The Columbia Planning and Zoning Commission will have its regular meeting at 7 pm tomorrow in the council chamber at City Hall, 701 E Broadway.
Tigard Chamber Releases Business & Economy Questionnaire Responses from City & State Candidates.
The Tigard Chamber as a service to its' members, Tigard businesses and the residents of Tigard created and sent business and economy focused questionnaires to candidates for city and state positions covering Tigard.
The city of Marquette's newest mayor should be more than comfortable in the commission chambers.
The Elk River Area Chamber of Commerce Board of Directors has unanimously passed a resolution of support of the Elk River Energy City Commission as an asset to the community.
COLUMBIA – The Columbia Chamber of Commerce has nearly 1,170 members, but only six were involved in recommending which candidates the chamber would endorse in the City Council election.
I have had the honor to serve as president of our Paw Paw Chamber of Commerce and in 2011, I was voted as the Business of Most Service to the Chamber.
***

In science:

These walks include the hyperplane chamber walks of Bidigare, Hanlon, and Rockmore.
Semigroups, rings, and Markov chains
There are many interesting examples of them, including the hyperplane chamber walks introduced by Bidigare, Hanlon, and Rockmore, as well as several new examples.
Semigroups, rings, and Markov chains
Our approach via representation theory provides a clear conceptual explanation for some of the remarkable features of the hyperplane chamber walks proved in [6, 11].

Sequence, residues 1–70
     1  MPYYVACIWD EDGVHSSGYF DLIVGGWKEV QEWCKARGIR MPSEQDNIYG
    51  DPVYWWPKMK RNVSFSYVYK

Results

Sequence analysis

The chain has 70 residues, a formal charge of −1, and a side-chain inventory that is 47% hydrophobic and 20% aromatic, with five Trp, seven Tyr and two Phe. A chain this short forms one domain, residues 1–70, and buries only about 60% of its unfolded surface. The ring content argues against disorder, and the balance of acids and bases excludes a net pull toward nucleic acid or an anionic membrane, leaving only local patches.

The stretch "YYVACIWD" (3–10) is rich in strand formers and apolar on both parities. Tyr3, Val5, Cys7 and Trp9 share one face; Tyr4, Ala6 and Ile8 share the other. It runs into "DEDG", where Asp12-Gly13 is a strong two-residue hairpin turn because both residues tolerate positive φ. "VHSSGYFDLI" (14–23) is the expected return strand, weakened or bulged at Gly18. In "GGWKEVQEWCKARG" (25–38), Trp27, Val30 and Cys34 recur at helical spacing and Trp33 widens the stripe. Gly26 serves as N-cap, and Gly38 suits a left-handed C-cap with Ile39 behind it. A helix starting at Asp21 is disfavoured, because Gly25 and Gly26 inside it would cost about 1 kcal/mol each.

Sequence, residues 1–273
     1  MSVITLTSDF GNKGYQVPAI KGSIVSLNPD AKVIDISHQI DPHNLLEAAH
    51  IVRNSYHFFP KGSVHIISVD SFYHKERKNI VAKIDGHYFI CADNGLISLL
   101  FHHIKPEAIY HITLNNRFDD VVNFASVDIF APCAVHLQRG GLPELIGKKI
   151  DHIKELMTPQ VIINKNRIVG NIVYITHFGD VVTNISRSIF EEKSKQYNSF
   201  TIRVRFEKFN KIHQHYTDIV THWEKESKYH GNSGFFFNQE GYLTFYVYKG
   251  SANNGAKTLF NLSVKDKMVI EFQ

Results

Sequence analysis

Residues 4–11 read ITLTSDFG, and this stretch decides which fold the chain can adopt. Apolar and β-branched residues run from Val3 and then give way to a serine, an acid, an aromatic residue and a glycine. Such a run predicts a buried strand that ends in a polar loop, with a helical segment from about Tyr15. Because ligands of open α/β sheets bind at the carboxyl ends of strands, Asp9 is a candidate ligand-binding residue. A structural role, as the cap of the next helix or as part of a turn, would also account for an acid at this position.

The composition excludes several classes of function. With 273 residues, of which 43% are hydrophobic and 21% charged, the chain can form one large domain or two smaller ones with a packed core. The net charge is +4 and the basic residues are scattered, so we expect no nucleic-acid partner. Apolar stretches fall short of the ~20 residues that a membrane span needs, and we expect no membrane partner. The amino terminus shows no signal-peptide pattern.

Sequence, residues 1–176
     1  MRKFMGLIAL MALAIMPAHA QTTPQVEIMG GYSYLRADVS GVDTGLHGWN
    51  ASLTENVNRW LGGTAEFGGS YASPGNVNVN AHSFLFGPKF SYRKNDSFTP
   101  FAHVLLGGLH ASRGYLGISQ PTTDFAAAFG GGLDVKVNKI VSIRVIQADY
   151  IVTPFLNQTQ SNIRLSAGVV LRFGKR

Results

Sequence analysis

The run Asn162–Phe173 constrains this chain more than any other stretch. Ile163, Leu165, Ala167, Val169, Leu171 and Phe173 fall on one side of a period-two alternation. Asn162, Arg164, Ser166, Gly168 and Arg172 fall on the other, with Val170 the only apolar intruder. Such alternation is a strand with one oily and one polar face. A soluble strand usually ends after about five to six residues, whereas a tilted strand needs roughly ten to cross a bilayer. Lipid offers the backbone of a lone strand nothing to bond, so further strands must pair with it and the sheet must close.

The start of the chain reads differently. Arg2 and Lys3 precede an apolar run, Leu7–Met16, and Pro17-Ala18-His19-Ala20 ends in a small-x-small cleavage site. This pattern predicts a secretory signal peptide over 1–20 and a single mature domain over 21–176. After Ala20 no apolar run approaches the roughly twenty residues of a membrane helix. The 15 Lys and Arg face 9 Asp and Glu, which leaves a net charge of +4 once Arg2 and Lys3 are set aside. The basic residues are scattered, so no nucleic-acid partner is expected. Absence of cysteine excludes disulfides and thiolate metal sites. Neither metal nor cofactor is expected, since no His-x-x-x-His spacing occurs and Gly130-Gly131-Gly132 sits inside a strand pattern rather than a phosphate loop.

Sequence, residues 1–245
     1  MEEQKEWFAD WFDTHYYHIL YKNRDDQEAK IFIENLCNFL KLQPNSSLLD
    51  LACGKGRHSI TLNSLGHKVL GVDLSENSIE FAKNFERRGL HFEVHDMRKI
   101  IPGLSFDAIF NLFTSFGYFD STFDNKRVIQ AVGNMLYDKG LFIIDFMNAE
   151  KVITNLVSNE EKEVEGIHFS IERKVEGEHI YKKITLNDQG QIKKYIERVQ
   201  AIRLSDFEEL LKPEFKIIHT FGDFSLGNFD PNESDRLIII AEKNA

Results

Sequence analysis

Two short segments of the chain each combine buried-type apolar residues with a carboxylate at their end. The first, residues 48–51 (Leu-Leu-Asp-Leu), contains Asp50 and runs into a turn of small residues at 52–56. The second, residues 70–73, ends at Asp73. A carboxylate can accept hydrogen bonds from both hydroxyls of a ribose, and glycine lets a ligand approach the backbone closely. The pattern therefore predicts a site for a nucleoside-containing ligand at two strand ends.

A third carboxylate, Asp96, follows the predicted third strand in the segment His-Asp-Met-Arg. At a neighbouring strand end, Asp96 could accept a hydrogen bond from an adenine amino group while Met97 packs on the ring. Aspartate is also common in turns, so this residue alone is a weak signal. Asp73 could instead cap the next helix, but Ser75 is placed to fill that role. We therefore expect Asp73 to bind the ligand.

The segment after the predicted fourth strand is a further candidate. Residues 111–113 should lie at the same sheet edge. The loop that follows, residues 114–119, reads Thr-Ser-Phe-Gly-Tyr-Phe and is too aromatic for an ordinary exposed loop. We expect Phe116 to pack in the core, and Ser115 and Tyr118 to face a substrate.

Semigroups, rings, and Markov chains
The set C of chambers is an ideal, so we can run a random walk on it. A step in the walk goes from a chamber C to the chamber F C, where F is chosen according to some probability distribution {wF }F ∈F .
Semigroups, rings, and Markov chains
The references also explain a geometric interpretation of the step from C to F C : Namely, F C is the chamber closest to C having F as a face.
Semigroups, rings, and Markov chains
The transition matrix of the walk on chambers is diagonalizable, with one eigenvalue λX = Xsupp y≤X for each X ∈ L.
Semigroups, rings, and Markov chains
There is a random walk on these chambers, generalizing the walk of Section 1.2.
Semigroups, rings, and Markov chains
Note that the random walk studied in this paper is defined in terms of the pro jection operators restricted to chambers, mapping C onto C≥x .
Semigroups, rings, and Markov chains
The chambers are the ordered partitions into singletons, so they correspond to the permutations of [n].
Semigroups, rings, and Markov chains
For each X ∈ L let cX be the number of chambers in S≥X, i.e., the number of chambers c ∈ C such that c ≥ x, where x is any fixed element of S having support X .
Semigroups, rings, and Markov chains
It says that for the random walk generated by any set of weights on S≥X, the sum of the multiplicities of the eigenvalues is equal to the number of chambers.
Semigroups, rings, and Markov chains
But Zaslavsky showed that cˆ0, the total number of chambers, is PY ∈L |µ(Y, V )|.
Semigroups, rings, and Markov chains
Let D ⊆ C be a convex set of chambers, as defined in Section A.7.
Semigroups, rings, and Markov chains
G0 consists of the cells in the interior of the lune: one vertex, six edges, and six chambers.
Semigroups, rings, and Markov chains
X ∈ M, where cX is the number of chambers in GX .
Semigroups, rings, and Markov chains
***